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Re: Barkley-Grow

Posted: Mon Apr 28, 2014 6:21 pm
by Moose47
G'day AP

You are correct. Not sure how I got the two mixed up.

Cheers...Chris

Re: Barkley-Grow

Posted: Thu May 01, 2014 12:44 pm
by GA MX Trainer Dude
Here is a photo of the Barkley Grow wing structure - taken in 2007.


Image


Definitely not a simple 2 spar system!!

Mx

Re: Barkley-Grow

Posted: Thu Jun 05, 2014 2:52 pm
by beech 18
June 05, 2014

Barkley Grow being unloaded in the Antarctic.
Aircraft involved with the U.S. Antarctic Service.

This aircraft may be on the USS Bear that was
sent to the Antarctic in 1939 - 1940.

Photo found on the web.
Unknown photographer.


Image

Re: Barkley-Grow

Posted: Thu Jun 05, 2014 3:54 pm
by Antique Pilot
beech 18 wrote:June 05, 2014

Barkley Grow being unloaded in the Antarctic.
Aircraft involved with the U.S. Antarctic Service.

This aircraft may be on the USS Bear that was
sent to the Antarctic in 1939 - 1940.

Photo found on the web.
Unknown photographer.


Image
This would be Barkley Grow serial # 7 that was used by Admiral Byrd in his last Antarctic expedition.

AP

Re: Barkley-Grow

Posted: Sun Aug 17, 2014 10:15 am
by Canuck Plumber
Hello all. New here. Big fan of the T8P-1. I found this pic on Ebay. Some fellow selling models of the Barkely Grow.
Image

A great aircraft.

Re: Barkley-Grow

Posted: Wed Sep 17, 2014 10:53 pm
by Canuck Plumber
If anyone's interested, I've started a Barkley Grow fan page over on Facebook.

Cheers.

Re: Barkley-Grow

Posted: Thu Sep 18, 2014 10:37 pm
by Canuck Plumber
Ok. I did some more digging. Pardon the redundancy of some of this as I noted parts have already been posted by others. I spoke with the curators at the Calgary Aerospace Museum, The Reynolds Museum, and the Edmonton Aircraft Museum. I'm amazed at what I've found so far. I can only imagine what I'll find tomorrow.

So for starters. Everyone assumes that there were 11 T8P-1s built. This is false. There were only 9 units built with the intent to build a tenth until the company had some financial troubles.

CF-BVE sat for years in Moose Jaw. A wing was removed to repair CF-BQM and the remainder was acquired by Harry Whereatt, Assiniboia.

OB-GGK went to Peru and nearly set a world distance record enroute to serve in the Peruvian airforce and was destroyed by a hanger fire in 1942

CF-BVL Crashed after takeoff in 1960 near Peace River. The fuselage was recovered by the Aerospace Museum in Calgary in 1982.

CF-BMG sank near Port Alberni. It was salvaged and scrapped in 1947

CF-BMV is currently sitting under a couple hundred feet of seawater somewhere near a fjord in Greenland. I spoke with a fellow today that said it's been found in remarkable condition but in too deep of water to salvage at this time. No idea of the coordinates.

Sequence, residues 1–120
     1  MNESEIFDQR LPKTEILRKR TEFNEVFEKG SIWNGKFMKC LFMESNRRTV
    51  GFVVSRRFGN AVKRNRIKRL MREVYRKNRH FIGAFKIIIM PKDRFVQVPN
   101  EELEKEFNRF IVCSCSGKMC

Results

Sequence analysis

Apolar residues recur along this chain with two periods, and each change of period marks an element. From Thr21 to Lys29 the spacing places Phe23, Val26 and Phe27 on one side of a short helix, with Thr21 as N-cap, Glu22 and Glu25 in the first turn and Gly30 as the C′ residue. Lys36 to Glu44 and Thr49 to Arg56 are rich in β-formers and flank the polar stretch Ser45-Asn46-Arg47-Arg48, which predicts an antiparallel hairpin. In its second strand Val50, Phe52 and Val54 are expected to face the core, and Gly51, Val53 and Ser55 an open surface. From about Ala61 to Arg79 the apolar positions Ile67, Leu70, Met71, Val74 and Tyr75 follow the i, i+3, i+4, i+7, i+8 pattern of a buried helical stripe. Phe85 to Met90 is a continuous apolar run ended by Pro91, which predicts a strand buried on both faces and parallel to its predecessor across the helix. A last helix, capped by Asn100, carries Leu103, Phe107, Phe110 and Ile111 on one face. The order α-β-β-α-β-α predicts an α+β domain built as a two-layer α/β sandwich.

CF-BMW Parts of might still be sitting near Nettley Manitoba. Some parts were attained by Harry Whereatt.

NC18470 was used in the Byrd expedition to the Antarctic. The salt water did a number on it and it was scrapped due to corrosion. A fellow at the Reynolds museum knows a fellow whos seen it. He said there's really nothing left of it. Noting no MSN number. CF-BVB?

CF-BQM sank near Norway House Manitoba and was salvaged by the Aerospace Museum in Calgary.

CF-BTX (as AP mentioned) crashed east of Grande Cash Alberta and in 1989 was removed by the Aerospace Museum of Calgary.

9 units. Thats it. My guess is that several severely damaged planes (including the CF-BTX) were used to build the three we have here in Alberta today. CF-BLV in is Edmonton, CF BQM is in Calgary, and CF-BVE is in Wetaskawin.

Its also worth noting that Vice Admiral Archibald S Barkley worked along side the Wright brothers which in my opinion places more importance on these underrated aircraft. This company has an amazing story to tell. I'm going to continue looking up more information on the aircraft and the company.

Re: Barkley-Grow

Posted: Fri Sep 19, 2014 9:17 am
by Antique Pilot
Canuck Plumber wrote:Ok. I did some more digging. Pardon the redundancy of some of this as I noted parts have already been posted by others. I spoke with the curators at the Calgary Aerospace Museum, The Reynolds Museum, and the Edmonton Aircraft Museum. I'm amazed at what I've found so far. I can only imagine what I'll find tomorrow.

So for starters. Everyone assumes that there were 11 T8P-1s built. This is false. There were only 9 units built with the intent to build a tenth until the company had some financial troubles.

CF-BVE sat for years in Moose Jaw. A wing was removed to repair CF-BQM and the remainder was acquired by Harry Whereatt, Assiniboia.

OB-GGK went to Peru and nearly set a world distance record enroute to serve in the Peruvian airforce and was destroyed by a hanger fire in 1942

CF-BVL Crashed after takeoff in 1960 near Peace River. The fuselage was recovered by the Aerospace Museum in Calgary in 1982.